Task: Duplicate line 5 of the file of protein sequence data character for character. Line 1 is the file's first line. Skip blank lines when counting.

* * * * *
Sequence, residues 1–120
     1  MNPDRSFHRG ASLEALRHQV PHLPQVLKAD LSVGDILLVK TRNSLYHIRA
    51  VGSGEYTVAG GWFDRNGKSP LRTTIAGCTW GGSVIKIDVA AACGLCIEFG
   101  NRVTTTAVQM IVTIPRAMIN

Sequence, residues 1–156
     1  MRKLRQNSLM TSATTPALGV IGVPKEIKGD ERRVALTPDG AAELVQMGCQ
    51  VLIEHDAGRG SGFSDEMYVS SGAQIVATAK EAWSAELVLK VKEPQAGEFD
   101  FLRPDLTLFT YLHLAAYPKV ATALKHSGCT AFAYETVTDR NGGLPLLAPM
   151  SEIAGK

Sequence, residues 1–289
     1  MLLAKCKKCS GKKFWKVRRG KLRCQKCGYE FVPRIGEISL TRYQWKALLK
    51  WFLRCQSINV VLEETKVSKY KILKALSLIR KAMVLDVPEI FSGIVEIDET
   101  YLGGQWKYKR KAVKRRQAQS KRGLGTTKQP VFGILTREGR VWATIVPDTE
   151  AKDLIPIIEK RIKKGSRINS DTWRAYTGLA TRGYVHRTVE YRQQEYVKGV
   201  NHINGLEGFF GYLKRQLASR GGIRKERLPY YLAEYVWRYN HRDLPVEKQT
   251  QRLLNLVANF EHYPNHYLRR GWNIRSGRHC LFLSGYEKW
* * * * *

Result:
Sequence, residues 1–156